South Coast - Part 3
An unusual start to the day
Report by Martin Longhurst
Instead of returning to Poole as planned on Monday 7 September 2009, Waverley headed for Weymouth. She was due to be refuelled on Tuesday morning but unfortunately the tanker arrived with gas oil rather than fuel oil which meant that the day’s sailing was lost. She resumed her schedule on Wednesday, spending the night alongside at Swanage. She sailed light for Portsmouth on Thursday morning.
Passengers arriving at Portsmouth Harbour Station on Thursday were first told the sailing had been cancelled and then directed to the Gosport Ferry Pontoon next door. This was brought about because only one berth was available at the Station Pier due to rebuilding work and the remaining berth was required to maintain the ferry service during the build-up to the Bestival event on the Isle of Wight.
About 09.50 the Spirit of Portsmouth left her berth at Gosport and tied up across the north end of the pontoon. A long queue of Waverley passengers slowly filed on board the two decked green and white vessel. Shortly we slipped our mooring and headed north up the Harbour passed the entire British fleet of aircraft carriers (3) to find the Waverley moored in the Continental Ferry Port opposite Norman Venture. The ferry was carefully manoeuvred alongside the paddler and a gangway put across. With everyone aboard, Captain O’Brian took the paddler astern towards the North Wall where she was turned by the tug Gary James before heading out of the Harbour and on to Yarmouth.
All the extra stages had put the steamer about an hour behind schedule, a situation which was to remain the same for the rest of the day. The day was blessed with blue skies and generally calm seas but with a cool easterly breeze. During the day many VIPs were aboard including PSPS Secretary Anderson and WEL Director McKendrick.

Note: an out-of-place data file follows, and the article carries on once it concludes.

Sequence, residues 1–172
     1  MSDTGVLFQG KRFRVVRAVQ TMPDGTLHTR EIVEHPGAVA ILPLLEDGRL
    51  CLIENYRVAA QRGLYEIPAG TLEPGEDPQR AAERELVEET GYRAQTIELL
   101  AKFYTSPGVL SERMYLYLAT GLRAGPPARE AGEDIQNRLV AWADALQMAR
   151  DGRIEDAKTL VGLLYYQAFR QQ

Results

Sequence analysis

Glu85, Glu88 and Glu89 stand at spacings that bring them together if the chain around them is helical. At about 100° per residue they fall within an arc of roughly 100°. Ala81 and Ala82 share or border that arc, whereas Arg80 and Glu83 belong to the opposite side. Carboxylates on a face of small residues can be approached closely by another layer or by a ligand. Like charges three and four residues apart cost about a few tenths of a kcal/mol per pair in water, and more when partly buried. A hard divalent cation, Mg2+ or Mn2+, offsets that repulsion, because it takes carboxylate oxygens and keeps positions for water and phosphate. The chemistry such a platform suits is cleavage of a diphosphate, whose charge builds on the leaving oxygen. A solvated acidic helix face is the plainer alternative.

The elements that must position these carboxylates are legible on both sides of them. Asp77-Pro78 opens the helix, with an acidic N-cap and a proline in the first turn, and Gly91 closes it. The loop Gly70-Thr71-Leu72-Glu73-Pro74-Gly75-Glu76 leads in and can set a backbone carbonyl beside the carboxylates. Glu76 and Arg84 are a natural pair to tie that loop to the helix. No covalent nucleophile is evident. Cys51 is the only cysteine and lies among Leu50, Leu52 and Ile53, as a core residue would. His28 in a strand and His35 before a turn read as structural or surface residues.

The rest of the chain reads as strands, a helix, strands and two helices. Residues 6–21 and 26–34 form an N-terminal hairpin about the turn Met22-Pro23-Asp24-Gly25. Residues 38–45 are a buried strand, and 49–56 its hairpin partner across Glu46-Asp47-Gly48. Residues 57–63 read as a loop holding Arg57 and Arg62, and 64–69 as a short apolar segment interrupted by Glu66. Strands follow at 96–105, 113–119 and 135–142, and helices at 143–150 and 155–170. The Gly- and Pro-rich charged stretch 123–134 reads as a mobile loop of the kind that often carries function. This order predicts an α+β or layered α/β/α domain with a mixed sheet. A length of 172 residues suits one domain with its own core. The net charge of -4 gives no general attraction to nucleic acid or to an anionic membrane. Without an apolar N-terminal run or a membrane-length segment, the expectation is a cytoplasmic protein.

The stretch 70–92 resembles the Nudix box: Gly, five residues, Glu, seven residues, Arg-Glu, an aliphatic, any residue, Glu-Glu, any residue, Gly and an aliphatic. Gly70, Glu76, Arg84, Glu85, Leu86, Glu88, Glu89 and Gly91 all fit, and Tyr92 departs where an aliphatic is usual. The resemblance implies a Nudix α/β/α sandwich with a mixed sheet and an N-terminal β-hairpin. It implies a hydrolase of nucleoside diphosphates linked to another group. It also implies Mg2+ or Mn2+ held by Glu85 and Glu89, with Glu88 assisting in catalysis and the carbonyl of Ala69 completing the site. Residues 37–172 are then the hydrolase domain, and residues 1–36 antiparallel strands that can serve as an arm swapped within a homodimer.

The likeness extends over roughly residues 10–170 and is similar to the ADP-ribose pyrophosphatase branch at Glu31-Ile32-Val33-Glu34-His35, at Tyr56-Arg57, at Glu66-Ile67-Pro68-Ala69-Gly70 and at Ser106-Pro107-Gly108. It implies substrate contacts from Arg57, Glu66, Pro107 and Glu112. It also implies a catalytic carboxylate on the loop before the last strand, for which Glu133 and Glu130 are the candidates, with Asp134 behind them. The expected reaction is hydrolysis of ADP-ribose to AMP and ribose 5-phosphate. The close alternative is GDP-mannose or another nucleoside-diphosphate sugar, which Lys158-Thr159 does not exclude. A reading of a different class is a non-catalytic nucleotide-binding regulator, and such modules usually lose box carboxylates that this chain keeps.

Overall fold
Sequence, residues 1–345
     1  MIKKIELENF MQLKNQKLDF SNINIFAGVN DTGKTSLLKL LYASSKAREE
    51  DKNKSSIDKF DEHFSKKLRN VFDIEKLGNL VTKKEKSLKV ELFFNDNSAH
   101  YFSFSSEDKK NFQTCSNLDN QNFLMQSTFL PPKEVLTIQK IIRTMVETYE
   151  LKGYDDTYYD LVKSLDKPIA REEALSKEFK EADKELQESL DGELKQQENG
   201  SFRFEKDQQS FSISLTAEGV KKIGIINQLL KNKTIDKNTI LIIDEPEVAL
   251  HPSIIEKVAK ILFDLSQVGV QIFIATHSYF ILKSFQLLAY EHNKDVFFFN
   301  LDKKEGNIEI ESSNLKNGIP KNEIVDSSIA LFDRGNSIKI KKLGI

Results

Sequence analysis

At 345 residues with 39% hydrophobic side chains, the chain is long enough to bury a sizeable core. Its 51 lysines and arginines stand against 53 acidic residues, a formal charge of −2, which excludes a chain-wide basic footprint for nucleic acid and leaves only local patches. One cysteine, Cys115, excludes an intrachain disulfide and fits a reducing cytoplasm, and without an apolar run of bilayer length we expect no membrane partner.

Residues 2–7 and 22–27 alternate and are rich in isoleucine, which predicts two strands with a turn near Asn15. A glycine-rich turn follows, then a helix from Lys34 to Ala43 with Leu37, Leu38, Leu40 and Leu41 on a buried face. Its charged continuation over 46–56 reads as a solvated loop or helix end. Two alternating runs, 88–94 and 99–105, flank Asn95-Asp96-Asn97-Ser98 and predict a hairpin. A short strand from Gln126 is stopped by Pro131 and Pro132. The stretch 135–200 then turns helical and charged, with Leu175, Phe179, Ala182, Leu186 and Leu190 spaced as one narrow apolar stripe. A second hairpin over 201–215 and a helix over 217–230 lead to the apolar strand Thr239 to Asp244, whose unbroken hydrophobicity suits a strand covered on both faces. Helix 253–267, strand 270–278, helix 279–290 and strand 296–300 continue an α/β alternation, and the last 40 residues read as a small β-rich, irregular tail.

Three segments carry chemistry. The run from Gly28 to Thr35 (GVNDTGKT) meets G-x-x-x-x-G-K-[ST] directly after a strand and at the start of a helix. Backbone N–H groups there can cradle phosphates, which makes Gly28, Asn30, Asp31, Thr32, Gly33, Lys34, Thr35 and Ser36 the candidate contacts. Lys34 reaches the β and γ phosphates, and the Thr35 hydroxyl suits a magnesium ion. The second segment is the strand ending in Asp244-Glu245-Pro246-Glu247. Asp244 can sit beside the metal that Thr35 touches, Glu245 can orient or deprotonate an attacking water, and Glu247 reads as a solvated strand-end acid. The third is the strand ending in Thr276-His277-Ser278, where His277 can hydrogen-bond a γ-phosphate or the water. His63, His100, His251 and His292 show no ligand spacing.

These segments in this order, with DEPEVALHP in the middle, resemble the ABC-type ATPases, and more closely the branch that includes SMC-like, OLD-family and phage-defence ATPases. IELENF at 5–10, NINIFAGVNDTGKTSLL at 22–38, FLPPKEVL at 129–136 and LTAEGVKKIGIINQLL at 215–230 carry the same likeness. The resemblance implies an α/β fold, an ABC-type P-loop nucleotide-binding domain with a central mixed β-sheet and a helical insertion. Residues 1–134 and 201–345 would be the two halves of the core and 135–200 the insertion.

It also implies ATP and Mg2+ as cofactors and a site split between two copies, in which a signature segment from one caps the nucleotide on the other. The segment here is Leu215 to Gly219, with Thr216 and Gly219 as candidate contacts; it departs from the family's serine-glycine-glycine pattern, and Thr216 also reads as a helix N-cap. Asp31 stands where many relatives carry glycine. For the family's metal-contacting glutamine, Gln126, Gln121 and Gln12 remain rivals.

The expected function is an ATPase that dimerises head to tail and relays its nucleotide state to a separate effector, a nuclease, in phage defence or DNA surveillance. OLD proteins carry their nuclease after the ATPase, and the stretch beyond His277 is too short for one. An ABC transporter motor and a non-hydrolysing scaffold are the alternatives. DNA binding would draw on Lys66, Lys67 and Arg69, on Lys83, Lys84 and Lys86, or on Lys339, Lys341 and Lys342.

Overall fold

After Yarmouth the steamer headed for Bournemouth, Swanage and Lulworth Cove. Loadings were good throughout. Robin Wall, the Chief Officer, gave us an interesting, erudite and amusing commentary, mentioning that the Assistant Purser’s reading included material by Enid Blyton. We had some exceptionally fine close views of the Jurassic Coast on the westward leg but had to go out to sea to clear the Firing Range Safety Zone as the Army were about to resume operations. There was a jabble running as we returned to Swanage which entertained Philip Cade tremendously. He had taken full advantage of the special offer in Bournemouth whereby Yellow Bus passengers can obtain a £2 discount off their Waverley fare.
The sun set as we passed through Hurst Narrows on our approach to Yarmouth. To avoid the problems at Portsmouth, the return leg was routed to Southampton, with passengers returned to our starting point by coach.
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